COVID 19 has changed how we live, from the accelerated adoption of technology for virtual learning and in virtual health.
In Episode 2, Jacob shares insights from a student’s perspectives on how technology has provided unforeseen attributes to learning, and from his personal perspective on virtual health as a patient – more awareness in self-managing his own health, and how it has changed from primarily physical checkups to the inclusion of the human side of inquiry to gain insights into a patient’s well being.
Based on what he has experienced with online class learning and the increased interactive learning with peers and professors, he sees the benefits, and hopes that it will continue in some form post COVID 19.
Through his learning of new knowledge and experiences during the past 3 years, Jacob now has broadened his perspectives on the possibilities and opportunities for his career goals. So, has his initial career goal of pediatric medicine shifted too? Jacob shares his thoughts in this Episode 2.
Stay tuned for Episode 3 to see what’s next for Jacob!
Virtual class learning can encourage students who may be too shy to ask questions to take on a new interest in class participation. The benefits of online learning can enable students to focus on interactive learning with class materials and their student peers (via chats) and work on their own timelines, rather than the past methods of formal regimens of memorization. Some students, may only ever show a ghost profile – preferring the traditional face to face interactions of human engagement. Learning environments and organizations that will evolve in the near future.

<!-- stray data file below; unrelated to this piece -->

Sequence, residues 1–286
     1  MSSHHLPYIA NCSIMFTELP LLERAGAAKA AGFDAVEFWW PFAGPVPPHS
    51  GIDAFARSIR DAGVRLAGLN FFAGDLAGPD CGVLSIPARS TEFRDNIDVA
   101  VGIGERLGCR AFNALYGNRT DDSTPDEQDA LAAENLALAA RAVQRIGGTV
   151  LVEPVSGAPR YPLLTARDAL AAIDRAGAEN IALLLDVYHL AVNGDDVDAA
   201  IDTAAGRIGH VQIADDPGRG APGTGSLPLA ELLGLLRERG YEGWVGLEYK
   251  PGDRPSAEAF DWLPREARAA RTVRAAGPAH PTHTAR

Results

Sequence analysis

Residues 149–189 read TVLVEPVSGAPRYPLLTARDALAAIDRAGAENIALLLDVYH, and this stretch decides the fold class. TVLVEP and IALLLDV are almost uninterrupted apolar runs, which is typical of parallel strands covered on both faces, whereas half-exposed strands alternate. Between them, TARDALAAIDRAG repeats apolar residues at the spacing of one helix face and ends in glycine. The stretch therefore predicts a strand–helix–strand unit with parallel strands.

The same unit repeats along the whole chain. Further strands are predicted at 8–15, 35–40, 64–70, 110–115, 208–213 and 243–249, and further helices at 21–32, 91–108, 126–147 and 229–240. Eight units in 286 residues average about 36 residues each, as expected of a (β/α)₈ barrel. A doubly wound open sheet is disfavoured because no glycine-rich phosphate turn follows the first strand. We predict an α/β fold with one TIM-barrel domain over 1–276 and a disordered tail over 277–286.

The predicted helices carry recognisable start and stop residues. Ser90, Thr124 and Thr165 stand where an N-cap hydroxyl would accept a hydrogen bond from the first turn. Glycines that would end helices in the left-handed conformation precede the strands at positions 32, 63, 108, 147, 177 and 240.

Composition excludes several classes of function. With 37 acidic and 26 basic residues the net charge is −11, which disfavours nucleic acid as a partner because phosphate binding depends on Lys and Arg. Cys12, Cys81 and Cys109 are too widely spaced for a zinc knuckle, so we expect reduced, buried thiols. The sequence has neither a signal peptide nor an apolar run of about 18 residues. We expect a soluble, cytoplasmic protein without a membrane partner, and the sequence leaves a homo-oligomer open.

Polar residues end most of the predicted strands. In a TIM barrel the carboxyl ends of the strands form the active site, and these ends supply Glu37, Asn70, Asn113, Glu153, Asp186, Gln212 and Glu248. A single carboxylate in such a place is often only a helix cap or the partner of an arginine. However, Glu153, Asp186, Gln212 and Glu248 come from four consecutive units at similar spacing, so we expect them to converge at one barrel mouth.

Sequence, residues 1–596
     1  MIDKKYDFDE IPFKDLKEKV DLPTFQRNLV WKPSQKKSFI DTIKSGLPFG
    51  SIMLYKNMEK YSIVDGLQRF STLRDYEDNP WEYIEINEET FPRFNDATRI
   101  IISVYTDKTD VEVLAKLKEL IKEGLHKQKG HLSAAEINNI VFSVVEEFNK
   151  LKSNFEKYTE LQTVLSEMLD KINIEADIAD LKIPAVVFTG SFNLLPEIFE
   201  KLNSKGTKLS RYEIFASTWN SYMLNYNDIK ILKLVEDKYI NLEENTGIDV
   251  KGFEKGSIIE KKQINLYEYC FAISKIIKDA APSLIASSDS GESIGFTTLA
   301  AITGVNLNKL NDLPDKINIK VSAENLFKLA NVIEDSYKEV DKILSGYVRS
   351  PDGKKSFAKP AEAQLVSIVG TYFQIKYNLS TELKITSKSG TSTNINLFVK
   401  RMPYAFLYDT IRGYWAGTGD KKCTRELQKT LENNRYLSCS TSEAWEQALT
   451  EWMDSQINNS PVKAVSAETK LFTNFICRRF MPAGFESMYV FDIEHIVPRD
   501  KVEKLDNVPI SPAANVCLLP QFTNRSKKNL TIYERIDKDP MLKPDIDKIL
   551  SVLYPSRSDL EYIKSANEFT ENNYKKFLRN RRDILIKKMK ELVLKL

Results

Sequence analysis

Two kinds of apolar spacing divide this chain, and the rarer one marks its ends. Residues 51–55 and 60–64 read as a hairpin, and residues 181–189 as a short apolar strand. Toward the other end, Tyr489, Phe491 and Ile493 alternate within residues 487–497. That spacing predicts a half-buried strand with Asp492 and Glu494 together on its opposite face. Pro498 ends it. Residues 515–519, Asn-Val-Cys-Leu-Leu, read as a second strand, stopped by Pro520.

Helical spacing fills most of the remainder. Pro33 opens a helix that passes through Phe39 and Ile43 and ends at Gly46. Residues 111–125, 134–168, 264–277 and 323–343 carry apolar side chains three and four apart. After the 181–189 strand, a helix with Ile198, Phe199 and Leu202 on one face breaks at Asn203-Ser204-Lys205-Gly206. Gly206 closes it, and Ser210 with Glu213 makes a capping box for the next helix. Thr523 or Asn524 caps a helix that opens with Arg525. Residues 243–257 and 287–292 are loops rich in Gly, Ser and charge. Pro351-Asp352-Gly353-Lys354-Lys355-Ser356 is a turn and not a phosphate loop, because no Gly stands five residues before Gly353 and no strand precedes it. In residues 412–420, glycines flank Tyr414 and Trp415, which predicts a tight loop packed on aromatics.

Virtual health provides benefits of safety for online consultations between patients and clinicians during COVID 19. It does however encourage patients to think about how best to communicate their symptoms – more so if remote diagnosis is not yet accessible for clinicians to do a remote diagnosis of patients’ conditions. As a result of COVID 19, society may see increased interest in virtual healthcare and patient driven care.
About Jacob Dunn
Jacob is currently entering his fourth year of a Bachelor’s degree in Neuroscience at the University of Alberta. He is engaged in laboratory research focused on chronic pain and Multiple Sclerosis through the Kerr & Plemel labs. Jacob’s healthcare experience as a child learning to live with chronic kidney disease has fueled his current volunteer work and future career goals. He is currently an active volunteer with several different Alberta Health Services’ councils in a variety of capacities, such as helping to establish the Mental Health and Addictions Youth Advisory Council and serving as patient co-chair of the Stollery Children’s Hospital Patient and Family Centred Care Council. Combining his personal experience and academic background, Jacob is planning to apply to medical school as he continues to work towards being a positive part of other patients’ clinical teams.